Part II of this book takes the reader into the actual projects and mediums of the artists and therapists. I loved Lynn Harmer’s chapter (7) on Pottery and Painting because she so clearly and personally outlined how she instituted her craft. The options she presented were ones I think I could use and she kept herself transparent in the description of the work, which seemed to have a credible experiential view for the reader to latch onto. Adrian Butcher’s Craft Work chapter (8) is more of a ‘how to’ work with step by step lesson plans in how to use mosaics, silk and ceramic painting as a means to creating works of beauty that were appreciated by his patients and families. Marion Tasker’s chapter (9) on digital arts was probably the most difficult to read. I found myself appreciative of the author’s honesty and at the same time I was somehow worried about the outcomes of the experience, especially amidst the numerous elements particularly the amount of time and energy it took to develop the partnerships in the project. I wondered how and why this group replaced “a well-established and popular gardening group club.” The frantic feeling on ‘the day of the show’ in particular from the author led me to think about what resources are available to staff outside of the frequent meetings, and/or case presentations. Working with people who are in palliative care can elicit many feelings of fear, anxiety and sorrow for the professional caregivers. I wonder if the community of workers and artists had opportunity for on-going interactive resources available to them for self care. Tasker’s work seemed novel and certainly provides food for thought in working within this delicate medium.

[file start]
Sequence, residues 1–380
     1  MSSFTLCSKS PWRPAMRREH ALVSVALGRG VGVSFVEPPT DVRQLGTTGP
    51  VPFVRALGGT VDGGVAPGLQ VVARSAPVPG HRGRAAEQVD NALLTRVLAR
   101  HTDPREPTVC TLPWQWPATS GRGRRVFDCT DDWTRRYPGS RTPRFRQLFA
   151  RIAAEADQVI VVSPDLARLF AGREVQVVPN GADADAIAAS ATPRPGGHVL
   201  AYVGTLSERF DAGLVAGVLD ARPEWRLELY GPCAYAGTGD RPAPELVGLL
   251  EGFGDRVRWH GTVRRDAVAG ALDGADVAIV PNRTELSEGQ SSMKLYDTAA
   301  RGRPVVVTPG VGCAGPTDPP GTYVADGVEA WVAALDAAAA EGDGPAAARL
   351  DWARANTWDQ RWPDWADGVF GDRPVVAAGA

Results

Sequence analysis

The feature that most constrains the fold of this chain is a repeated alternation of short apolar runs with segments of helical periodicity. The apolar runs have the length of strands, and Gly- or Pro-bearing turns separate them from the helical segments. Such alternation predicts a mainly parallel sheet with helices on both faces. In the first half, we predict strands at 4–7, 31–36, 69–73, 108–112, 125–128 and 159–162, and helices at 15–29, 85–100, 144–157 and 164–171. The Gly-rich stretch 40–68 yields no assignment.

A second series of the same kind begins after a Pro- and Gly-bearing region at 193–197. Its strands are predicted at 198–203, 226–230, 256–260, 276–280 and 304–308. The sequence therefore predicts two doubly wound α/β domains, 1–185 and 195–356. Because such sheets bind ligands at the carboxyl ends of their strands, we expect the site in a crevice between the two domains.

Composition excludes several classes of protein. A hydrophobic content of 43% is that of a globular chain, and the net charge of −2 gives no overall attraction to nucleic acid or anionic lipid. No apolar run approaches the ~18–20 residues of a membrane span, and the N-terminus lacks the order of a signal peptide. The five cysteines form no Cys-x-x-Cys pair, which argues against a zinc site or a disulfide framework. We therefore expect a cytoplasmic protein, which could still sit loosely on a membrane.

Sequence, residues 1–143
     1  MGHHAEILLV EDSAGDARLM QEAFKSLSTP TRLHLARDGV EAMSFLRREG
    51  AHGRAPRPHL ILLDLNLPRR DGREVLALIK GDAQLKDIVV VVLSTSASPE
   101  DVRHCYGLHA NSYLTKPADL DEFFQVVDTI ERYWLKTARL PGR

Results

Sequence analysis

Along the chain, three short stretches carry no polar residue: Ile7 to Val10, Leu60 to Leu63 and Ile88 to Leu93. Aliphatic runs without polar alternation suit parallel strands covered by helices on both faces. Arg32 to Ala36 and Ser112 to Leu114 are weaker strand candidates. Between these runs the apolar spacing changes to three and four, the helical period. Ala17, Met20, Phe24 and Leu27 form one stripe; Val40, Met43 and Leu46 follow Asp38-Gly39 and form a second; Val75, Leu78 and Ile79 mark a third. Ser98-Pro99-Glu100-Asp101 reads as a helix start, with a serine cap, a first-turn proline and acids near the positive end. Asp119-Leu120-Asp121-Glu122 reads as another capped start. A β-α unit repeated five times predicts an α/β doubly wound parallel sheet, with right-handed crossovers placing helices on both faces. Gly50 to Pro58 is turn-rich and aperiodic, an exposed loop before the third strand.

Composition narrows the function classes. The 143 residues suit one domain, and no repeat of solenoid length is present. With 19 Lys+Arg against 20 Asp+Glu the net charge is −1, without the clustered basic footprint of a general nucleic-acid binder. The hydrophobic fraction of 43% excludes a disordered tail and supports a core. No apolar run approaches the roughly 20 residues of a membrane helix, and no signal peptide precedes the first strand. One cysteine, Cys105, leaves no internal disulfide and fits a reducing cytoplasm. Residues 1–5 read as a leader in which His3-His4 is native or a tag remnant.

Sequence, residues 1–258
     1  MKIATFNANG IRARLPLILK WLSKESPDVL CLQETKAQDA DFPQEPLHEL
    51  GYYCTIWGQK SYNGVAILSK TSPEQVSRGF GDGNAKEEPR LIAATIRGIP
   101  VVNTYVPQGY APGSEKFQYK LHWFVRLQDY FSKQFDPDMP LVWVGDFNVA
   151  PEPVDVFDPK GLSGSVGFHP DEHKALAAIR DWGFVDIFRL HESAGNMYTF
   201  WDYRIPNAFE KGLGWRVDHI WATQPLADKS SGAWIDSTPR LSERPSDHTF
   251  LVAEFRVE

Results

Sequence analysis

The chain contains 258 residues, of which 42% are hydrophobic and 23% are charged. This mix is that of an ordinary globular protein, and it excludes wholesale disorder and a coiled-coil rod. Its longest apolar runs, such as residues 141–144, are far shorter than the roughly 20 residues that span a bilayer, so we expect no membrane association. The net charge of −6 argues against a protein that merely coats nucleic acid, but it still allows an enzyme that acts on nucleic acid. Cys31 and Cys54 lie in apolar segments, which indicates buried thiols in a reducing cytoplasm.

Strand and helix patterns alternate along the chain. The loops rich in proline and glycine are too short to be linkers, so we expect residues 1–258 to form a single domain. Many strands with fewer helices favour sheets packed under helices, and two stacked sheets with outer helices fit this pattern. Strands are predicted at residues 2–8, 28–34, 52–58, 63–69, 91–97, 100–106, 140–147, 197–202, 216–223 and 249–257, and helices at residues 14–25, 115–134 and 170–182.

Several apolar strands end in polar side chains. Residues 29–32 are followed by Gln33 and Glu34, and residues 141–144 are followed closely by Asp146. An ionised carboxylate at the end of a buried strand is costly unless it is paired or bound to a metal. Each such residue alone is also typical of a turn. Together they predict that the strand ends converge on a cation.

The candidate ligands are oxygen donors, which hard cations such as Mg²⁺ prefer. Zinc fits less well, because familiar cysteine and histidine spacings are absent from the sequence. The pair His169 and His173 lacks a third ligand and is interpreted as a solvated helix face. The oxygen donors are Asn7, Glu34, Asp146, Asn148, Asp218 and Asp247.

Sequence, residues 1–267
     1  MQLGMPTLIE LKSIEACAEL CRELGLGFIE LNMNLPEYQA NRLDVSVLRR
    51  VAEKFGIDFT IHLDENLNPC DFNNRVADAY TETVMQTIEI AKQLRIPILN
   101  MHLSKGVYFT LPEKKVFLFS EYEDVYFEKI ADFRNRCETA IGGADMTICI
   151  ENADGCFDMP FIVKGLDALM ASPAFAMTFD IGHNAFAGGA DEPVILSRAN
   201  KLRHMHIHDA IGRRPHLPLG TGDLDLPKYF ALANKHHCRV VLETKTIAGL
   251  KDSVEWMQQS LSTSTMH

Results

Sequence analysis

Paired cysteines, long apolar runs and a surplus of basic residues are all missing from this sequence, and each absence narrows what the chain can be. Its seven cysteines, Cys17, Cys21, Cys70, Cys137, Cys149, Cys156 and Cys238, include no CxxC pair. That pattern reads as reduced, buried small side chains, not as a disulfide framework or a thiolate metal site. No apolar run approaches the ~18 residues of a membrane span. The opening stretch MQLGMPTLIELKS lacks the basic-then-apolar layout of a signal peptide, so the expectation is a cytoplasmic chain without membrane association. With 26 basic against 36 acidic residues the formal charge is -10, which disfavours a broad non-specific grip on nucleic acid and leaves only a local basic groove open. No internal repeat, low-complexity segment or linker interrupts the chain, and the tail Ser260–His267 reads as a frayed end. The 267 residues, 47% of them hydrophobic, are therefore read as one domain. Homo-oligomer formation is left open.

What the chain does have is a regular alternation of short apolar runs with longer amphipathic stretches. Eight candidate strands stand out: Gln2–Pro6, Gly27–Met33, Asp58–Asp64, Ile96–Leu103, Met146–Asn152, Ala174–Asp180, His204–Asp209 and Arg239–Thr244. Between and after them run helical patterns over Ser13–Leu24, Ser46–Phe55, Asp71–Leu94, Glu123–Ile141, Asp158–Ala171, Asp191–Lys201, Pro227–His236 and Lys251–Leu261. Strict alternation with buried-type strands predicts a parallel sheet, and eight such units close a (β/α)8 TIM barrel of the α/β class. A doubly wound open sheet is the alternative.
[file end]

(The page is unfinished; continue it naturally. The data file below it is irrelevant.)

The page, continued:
Samantha Dobbs (10) chapter on art therapy was comprehensive and using the arts as a means of self care was addressed through a poem she wrote to conclude her case presentation. This was creative writing that related to her clinical work experience. It addressed personal self-care described by Dobbs herself as the internal voice of “self supervisor.” Virginia Hearth’s chapter (11) on community arts addressed this through journaling. The ‘Arts for Life’ project described the importance of arts advocacy, self support systems and team work. I found it intriguing that part of the role of the newcomer to this work, composer and musician Mick Sands’ (12) was to raise awareness in the community about the work. The parallel process of educating children on illness, death and dying was new and novel. Doing this through the fresh and apparent sensitive eyes of this writer was unique. Tamsin Dives (13) chapter succinctly describes how music therapy supports care homes local to St Christopher. The results of her work are tender and far reaching. In this chapter, accounts of allied staff impressions are notable. This is not as pronounced in other parts of the book, and speaks to a need that Abi Gill’s (14) chapter on evaluation study reflects: “….that 7 staff had referred patients to music therapy while 12 had not.” It interested me that one of her outcomes, the staff’s own experiences with music, was the element that had the greatest influence on their understanding and belief of music therapy. Gills study outlines this and other features, and behind the findings the data seems to indicate a potential need that music might serve for professional caregivers. Using music in the professional community might increase referrals while also assisting in providing relaxation and release opportunities for doctors and nurses, and may provide for collaborative staff interchanges amongst a stressful environment.

In conclusion, I highly recommend The Creative Arts in Palliative Care. This book is a must read for artists, therapists, volunteers, managers and directors who specialize in working with patients and caregivers who are facing end of life. The theories, detailed case studies, methods, models and ‘how-to’ hands on experiences presented throughout the pages of this book are generous and have far reaching implications which cross social and spiritual domains of treatment, development, marketing and program-community building aspects of palliative care.